Edmonton charity's biggest donors revealed after decades of anonymity
Eldon and Anne Foote donated $164 million to the Edmonton Community Foundation
The Edmonton Community Foundation revealed its biggest donors on Wednesday after two decades of keeping the fund anonymous.
Eldon and Anne Foote donated $164 million to the foundation over that timeframe — the largest charitable gift to a community foundation in Canadian history, said ECF chief executive officer Martin Garber-Conrad.
The Footes' contributions go beyond money, he added.
"It's rare to find donors that have such substantial interest in a whole variety of fields," he said.
- Fundraisers outearn charities: CBC probe
- Local foundation gets huge donation
- Billionaire philanthropists and their favourite cause
Many donors tend to focus on a specific area, like helping homeless people, children, and arts and culture, Garber-Conrad said.
But the Footes had an interest in "everything from athletics to a downtown arts program for street kids, and kind of everything in between," he said.
The Footes' contribution reached groups such as the Centre to End All Sexual Exploitation (CEASE), iHuman, Women Building Futures, and the Edmonton and Area Land Trust, a non-profit preserving natural areas in the Edmonton region.
The University of Alberta's Foote Field is named after Eldon Foote, who donated $2 million toward construction of the sports complex.
"For the donors' own reasons, they had made the gifts anonymously," Garber-Conrad explained. "Now, it was finally time to add it all up and tell the world how cool it is."
To date, the Footes' donations have allowed the foundation to grant $43 million to hundreds of charities in the arts, culture and heritage, education and learning, health and wellness, social and community services, recreation and leisure, and the environment.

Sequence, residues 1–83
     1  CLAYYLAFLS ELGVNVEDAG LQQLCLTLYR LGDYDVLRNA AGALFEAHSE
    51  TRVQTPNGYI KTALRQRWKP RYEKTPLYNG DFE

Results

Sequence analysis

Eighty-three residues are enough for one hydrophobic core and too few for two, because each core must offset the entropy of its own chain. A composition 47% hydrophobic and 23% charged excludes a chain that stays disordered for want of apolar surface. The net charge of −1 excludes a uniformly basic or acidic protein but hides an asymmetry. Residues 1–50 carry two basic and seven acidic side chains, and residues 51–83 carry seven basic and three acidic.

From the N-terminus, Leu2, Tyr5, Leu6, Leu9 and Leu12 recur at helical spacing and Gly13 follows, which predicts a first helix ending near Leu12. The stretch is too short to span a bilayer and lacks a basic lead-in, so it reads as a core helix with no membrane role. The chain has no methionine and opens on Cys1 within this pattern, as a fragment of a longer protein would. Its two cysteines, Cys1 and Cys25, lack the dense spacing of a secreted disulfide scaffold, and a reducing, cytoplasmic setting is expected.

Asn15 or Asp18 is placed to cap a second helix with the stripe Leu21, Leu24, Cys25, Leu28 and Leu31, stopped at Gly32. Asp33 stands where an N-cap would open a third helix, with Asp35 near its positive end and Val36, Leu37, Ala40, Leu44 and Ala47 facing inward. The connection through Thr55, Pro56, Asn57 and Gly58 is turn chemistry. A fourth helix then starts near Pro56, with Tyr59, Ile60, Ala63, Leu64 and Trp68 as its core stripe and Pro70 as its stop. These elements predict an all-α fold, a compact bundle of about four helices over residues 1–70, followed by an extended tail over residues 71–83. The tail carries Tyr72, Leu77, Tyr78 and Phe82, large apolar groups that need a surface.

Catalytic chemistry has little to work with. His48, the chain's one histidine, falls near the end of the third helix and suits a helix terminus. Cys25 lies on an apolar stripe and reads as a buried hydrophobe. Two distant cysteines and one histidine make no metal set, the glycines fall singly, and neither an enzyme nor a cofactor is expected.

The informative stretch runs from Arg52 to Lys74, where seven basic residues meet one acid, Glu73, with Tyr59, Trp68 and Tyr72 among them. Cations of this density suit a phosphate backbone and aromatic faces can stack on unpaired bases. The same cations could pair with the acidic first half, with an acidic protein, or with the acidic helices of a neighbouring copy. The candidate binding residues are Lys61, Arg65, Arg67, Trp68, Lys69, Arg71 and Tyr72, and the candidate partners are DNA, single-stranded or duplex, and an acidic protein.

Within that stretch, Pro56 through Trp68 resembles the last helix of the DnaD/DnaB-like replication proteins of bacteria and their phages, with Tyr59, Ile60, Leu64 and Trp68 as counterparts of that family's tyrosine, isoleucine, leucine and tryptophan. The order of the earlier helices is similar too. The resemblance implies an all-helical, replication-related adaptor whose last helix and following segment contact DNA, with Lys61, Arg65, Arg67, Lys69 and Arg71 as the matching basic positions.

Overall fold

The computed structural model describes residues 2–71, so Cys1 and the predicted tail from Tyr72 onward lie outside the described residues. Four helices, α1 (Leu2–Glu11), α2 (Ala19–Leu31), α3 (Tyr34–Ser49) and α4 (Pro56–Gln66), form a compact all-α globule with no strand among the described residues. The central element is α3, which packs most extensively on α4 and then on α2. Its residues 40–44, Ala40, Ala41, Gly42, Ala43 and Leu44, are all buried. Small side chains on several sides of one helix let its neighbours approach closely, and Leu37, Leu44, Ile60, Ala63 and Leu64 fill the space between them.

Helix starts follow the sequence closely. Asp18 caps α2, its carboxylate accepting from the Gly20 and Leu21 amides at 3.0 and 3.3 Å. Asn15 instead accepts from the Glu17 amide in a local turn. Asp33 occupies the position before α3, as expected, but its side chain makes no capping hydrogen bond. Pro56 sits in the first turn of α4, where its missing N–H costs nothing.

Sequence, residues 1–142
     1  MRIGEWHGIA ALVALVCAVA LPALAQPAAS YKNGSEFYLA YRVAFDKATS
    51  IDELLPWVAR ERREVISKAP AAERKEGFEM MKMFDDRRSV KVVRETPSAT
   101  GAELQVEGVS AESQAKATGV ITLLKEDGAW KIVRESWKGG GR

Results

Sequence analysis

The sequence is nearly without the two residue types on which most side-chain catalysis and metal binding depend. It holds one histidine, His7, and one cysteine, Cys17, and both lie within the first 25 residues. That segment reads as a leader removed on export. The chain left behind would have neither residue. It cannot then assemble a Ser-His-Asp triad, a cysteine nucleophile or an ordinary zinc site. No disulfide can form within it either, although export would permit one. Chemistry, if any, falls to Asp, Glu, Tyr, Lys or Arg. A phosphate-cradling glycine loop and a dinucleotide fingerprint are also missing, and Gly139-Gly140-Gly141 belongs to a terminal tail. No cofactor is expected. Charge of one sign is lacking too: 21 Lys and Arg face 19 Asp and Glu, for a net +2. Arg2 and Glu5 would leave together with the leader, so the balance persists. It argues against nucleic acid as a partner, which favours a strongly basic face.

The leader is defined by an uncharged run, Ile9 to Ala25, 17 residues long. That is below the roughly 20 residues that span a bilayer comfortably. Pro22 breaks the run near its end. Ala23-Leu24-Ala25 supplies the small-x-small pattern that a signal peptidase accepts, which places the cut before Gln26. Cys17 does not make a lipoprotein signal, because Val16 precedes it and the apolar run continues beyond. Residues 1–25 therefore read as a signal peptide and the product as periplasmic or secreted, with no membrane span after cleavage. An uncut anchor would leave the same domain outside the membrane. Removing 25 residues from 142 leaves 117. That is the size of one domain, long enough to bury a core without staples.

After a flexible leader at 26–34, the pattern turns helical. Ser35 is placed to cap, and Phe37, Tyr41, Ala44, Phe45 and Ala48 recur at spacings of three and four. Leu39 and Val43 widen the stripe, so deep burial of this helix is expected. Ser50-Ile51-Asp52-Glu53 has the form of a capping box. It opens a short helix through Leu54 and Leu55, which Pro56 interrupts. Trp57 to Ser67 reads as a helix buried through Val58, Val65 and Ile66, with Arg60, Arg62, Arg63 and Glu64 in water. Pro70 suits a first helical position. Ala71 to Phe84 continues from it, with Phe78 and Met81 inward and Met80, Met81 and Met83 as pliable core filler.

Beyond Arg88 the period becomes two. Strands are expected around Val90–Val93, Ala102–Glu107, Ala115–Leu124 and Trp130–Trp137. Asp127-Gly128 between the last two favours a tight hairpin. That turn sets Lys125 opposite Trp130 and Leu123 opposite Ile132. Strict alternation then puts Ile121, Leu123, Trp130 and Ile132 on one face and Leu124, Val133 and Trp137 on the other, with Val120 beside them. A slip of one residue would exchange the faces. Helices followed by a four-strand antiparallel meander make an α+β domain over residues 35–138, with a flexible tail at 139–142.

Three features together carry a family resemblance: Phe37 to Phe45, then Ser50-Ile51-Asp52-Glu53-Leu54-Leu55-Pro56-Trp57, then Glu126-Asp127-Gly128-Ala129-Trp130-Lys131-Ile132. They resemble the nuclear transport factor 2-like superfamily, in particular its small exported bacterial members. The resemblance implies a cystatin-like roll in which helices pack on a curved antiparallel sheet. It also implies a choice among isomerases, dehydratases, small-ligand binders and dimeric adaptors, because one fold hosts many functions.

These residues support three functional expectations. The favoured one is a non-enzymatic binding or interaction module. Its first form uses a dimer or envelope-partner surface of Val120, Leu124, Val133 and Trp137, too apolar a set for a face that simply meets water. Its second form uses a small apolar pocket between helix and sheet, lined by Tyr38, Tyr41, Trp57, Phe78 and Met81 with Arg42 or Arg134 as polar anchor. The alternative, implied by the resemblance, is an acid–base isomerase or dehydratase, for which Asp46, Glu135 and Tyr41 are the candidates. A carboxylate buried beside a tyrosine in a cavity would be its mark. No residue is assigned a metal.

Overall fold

Born in Hanna, Alta. in 1924, Eldon Foote attended the University of Alberta and worked as a lawyer in Edmonton.
In 1967, he moved to Australia and grew a cleaning-product company into a business empire based mainly in Japan and Hong Kong.
"He revolutionized the lives of thousands of homemakers by hiring them as active sales personnel," the foundation said. "However, the Footes never lost their affection for Alberta."
Foote died in 2004.
Anne Foote continues to have an active role in deciding where the money goes, Garber-Conrad told CBC News on Wednesday.
"They were remarkably plugged in to the community," Garber-Conrad said of the couple.
"They didn't need to wait until everybody else was already at the table and all the other money was there and just fill in the last piece," Garber-Conrad said.
Garber-Conrad sees the Footes as an inspiration to other donors.
"They were willing to take a risk on a good idea and support an organization when it was starting up, rather than saying, 'You must be a well established successful organization and then maybe we'll help you.'"
Since 2000, the funds have grown to a value of more than $206 million, making up almost half of the ECF's total $500 million assets.
The foundation, the fourth-largest community foundation in Canada, acts as a bridge between donors and charities.